United States unemployment has reached record numbers with more than 30 million Americans applying for benefits in just six weeks, according to the Guardian. Economists expect the labor market to take another unprecedented blow for the month of April.
Roughly one in five people in California's workforce have applied for initial unemployment insurance benefits, including a "staggering" 37% of workers with no more than a high school diploma. That's the estimate of a study from the California Policy Lab that analyzed unemployment insurance claims from March 15-April 11. According to the California Economic Development Department (EDD), L.A. County's unemployment rate jumped from 4.3% in February to 6.3% in March. The state of California launched its Pandemic Unemployment Assistance program last week, giving many independent contractors their first chance to apply for benefits.But applicants have had a tough time getting through the system because of technical difficulties with the state's website.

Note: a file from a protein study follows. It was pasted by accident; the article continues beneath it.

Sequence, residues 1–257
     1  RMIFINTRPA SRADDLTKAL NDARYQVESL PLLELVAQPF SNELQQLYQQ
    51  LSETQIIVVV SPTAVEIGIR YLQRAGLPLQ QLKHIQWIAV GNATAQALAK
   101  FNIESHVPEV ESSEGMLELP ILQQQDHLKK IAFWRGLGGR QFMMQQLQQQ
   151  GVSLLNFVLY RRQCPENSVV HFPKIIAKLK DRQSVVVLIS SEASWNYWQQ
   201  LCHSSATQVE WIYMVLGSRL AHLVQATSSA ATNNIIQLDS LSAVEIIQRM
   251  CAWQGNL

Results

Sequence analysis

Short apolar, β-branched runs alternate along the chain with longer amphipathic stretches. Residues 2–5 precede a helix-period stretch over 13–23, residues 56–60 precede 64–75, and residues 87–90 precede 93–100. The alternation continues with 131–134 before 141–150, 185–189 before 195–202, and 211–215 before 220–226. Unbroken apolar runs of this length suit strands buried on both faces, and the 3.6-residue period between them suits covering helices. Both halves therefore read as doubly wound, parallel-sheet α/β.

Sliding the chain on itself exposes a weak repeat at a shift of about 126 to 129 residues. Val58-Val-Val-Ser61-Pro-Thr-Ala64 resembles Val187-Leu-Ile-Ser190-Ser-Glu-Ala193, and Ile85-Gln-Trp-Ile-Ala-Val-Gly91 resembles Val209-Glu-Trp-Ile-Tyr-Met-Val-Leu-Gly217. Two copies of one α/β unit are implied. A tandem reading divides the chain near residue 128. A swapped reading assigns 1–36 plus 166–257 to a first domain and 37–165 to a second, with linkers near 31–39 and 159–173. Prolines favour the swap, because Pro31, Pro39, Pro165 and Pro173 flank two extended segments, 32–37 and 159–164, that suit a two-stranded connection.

Today on AirTalk we check in on unemployment in the state. Plus, some people are making more money through unemployment benefits than when they were working. We talk to the writer of a recent Wall Street Journal piece that looks at the challenges that presents for businesses as states look to slowly reopen. Do you have questions about unemployment across the state or the application process? Join the conversation by calling 866-893-5722.
With files from LAist. Read more from David Wagner here.
George Warner, attorney in the Wage Protection Program at Legal Aid at Work, a San Francisco based nonprofit law firm that assists low-income, working families throughout California; he tweets @readerznriderz